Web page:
That sound and story deserve a footnote: both were among the most glorious and eccentric of the Seventies. The band — especially guitarist Phil Manzanera, saxophonist Andy Mackay, drummer Paul Thompson and Eddie Jobson (missing on Manifesto) on synthesizer — produced railing hard rock or smoky dreamscapes; always the musicians played with precision, individuality and intelligence. Bryan Ferry sang as if he never noticed there was anyone behind him, so lost was he in a strange, abandoned theater of heartbreak, desperate longings and general post-Great Warangst. Roxy Music made it all funny and stirring at the same time, storming through Stranded and finishing up with Siren. Siren was perhaps the most perfectly crafted album of the decade, as well as Ferry’s heart-on-his-sleeve break with the cynicism of the confused hustler’s persona he’d carried so long.

      Manifesto is bits and pieces of all that. The songs ending each side fade out with real grace and leave you hanging, wanting more — drenched in a romance out of reach. “Still Falls the Rain” is a quiet, forgiving ballad in the purest Roxy style, full of tiny touches that occur only once, teasing you to wait for a repetition that never comes. Manzanera’s four little notes, almost buried in the distant band sound, underline Ferry’s emotion: those notes are as surprising as anything Manzanera’s ever played, and they carry as strong an echo. “Cry, Cry, Cry” is a horrible piece of old-fashioned soul, and yet, as “Spin Me Round” takes over and closes out the set, you forget all about the mistakes and drift away, just like Dobie Gray said you could.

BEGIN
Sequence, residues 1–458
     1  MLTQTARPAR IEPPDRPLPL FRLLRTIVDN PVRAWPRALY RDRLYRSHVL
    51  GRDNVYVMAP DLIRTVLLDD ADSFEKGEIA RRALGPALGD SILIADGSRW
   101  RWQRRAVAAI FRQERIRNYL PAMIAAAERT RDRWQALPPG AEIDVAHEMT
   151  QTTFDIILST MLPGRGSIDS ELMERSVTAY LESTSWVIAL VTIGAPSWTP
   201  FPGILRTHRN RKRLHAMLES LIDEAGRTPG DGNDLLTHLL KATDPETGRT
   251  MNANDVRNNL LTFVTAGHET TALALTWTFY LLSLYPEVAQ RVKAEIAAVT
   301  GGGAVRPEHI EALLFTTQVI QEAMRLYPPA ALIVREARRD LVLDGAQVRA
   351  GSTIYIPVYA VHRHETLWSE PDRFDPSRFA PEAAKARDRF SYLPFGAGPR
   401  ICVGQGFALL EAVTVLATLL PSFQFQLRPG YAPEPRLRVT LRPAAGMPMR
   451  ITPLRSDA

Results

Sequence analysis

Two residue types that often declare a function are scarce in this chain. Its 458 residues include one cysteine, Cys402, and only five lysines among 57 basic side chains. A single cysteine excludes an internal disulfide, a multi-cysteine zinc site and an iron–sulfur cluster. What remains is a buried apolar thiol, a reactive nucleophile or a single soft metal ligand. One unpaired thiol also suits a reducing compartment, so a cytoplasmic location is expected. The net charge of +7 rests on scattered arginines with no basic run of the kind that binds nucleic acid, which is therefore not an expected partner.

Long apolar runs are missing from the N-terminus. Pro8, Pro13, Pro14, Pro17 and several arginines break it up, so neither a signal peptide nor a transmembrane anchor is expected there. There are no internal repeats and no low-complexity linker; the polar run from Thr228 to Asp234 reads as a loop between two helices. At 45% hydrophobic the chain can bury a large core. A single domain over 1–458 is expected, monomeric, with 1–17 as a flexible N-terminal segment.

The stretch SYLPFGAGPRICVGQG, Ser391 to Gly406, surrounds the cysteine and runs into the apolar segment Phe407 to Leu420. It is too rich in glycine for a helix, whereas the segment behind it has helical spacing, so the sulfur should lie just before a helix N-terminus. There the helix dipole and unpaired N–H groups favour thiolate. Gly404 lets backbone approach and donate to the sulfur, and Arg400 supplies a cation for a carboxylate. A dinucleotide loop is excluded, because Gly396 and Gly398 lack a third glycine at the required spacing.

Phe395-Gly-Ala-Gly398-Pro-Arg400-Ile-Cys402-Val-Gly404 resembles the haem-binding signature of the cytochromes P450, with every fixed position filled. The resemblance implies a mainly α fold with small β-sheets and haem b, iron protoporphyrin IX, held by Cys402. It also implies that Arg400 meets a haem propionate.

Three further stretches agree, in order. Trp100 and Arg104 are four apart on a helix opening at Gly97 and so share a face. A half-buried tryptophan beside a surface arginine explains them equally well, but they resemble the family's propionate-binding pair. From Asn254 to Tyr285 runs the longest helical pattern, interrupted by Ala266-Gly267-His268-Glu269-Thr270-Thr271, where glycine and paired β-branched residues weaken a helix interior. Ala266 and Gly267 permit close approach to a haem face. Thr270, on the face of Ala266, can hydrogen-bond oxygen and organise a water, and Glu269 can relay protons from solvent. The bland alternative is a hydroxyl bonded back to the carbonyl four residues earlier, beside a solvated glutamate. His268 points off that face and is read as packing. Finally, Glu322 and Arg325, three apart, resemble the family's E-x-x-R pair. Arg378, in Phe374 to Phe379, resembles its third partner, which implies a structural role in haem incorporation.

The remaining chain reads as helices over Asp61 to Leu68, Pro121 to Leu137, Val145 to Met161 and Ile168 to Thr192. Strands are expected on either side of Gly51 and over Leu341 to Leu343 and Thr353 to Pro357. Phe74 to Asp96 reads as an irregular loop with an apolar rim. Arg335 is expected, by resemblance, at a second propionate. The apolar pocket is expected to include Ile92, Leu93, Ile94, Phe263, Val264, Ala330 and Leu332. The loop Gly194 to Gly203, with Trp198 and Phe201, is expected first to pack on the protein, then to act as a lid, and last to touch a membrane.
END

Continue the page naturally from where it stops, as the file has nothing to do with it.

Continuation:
So the record has its moments — moments few bands even know about — but as with the brazenly (and meaninglessly) titled “Manifesto,” they add up to little. Ferry announces he’s for the guy “who’d rather die than be tied down”; he’s rarely traded on such banality, and he mouths the lyrics as if he hopes no one will hear them. The sound may be alive, but the story is almost silent.